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September 08, 1997 - Image 14

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The Michigan Daily, 1997-09-08

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4B- The Michigan Daily - SPORTSMonday - September 8, 1997

Wolverines happy to see 'the best
player in the nation' leave town

By Tracy Sandler
Daily Sports Writer
When the Michigan field hockey
team stepped onto Ocker Field
Saturday afternoon, it had every
intention of stopping North Carolina's
Cindy Werley. The Wolverines found
that the defending Honda Award
receipient for best player in the
nation, not to mention a former
Olympic athlete, is basically unstop-
pable.
With just more than 11 minutes
played in the first period, Werley
scored her first goal of the day. At
2:46 left in the first, she had achieved
a hat trick, on her way to scoring four
goals in just 35 minutes and leading
the top-ranked Tar Heels to a 6-3 vic-
tory over the Wolverines.
"You can't really stop Cindy,"
Michigan coach Marcia Pankratz
said. "You've got to let her have her
goals, and hopefully, we can outscore

them. ... She's certainly, by far, the
best player. She's polished, and she's
not going to make mistakes."
The players knew that their coach
was right. The only way to stop a
player like Werley is to be on top of
your game.
"She's not going to mess up, so
you've got to make her," defender
Sandra Cabrera said. "She's got the
skills. She's a very skilled player. All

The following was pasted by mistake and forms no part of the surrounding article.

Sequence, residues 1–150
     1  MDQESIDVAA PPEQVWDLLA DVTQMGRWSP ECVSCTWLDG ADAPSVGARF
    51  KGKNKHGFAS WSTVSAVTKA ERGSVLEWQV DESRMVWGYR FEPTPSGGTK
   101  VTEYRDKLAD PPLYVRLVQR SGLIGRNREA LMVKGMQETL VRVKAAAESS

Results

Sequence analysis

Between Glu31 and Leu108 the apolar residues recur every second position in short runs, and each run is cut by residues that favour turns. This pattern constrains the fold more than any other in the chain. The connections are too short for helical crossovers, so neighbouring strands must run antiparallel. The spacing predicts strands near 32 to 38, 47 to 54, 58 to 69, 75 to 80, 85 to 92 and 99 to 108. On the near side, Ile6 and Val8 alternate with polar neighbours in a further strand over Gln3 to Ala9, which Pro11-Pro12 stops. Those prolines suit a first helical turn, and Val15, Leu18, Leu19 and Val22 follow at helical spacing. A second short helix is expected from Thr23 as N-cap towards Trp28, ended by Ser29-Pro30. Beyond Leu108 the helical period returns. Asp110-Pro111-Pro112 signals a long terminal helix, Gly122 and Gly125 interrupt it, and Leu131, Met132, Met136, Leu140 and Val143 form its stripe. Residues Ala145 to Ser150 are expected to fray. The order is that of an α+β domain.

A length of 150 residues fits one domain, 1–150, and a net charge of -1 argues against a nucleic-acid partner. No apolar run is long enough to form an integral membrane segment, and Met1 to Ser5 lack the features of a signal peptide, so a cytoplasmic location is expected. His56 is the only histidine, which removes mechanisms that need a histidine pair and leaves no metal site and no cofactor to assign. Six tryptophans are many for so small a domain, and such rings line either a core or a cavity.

you have to do is worry about your
own skills. If you do that right, I think
you can get her."
Although playing against someone
as talented as Werley could cause
frustration for opponents, Michigan
also sees it as an opportunity. In order
to become the best, the Wolverines
know that they have to beat the best.
"She's definitely, I would say, the
best collegiate player in the nation,"
goalkeeper Amy Helber said. "When I
look at a hat trick being scored by

anyone against me, I guess I'd have to
choose Cindy Werley to do it."
As much as the Wolverines respect
Werley's talent, no one appreciates
her value as much as the Tar Heels
themselves. The players surrounding
Werley are not too bad, either.
"Cindy's doing a wonderful job,"
North Carolina coach Karen Shelton
said. "All three of our forwards
together combined to kind of create
some of Cindy's goals. She just hap-
pened to be the end pass. Kate Barber,
Nancy Pelligreen and our -midfield
worked together to set it up.
"But Cindy, certainly, she had a
wonderful game (Saturday)... She cer-
tainly is establishing herself as a scor-
ing threat. She was player of the year
last year, and there's no question she's
a strong candidate for player of the
year this year."
Shelton is not the only one who
realizes the importance of teamwork.

Werley sees her teammates as one of
the main reasons for her personal suc-
cess.
"I don't know that I necessarily
dominate," Werley said. "I think my
teammates make me look good. I
think we make each other look good.
At least three of my goals, if not all
four, were totally perfectly set up.
I didn't have to do anything but just
put the ball in an empty net. I give all
the credit to Nancy and Kate. They
played excellent. Sometimes it's bet-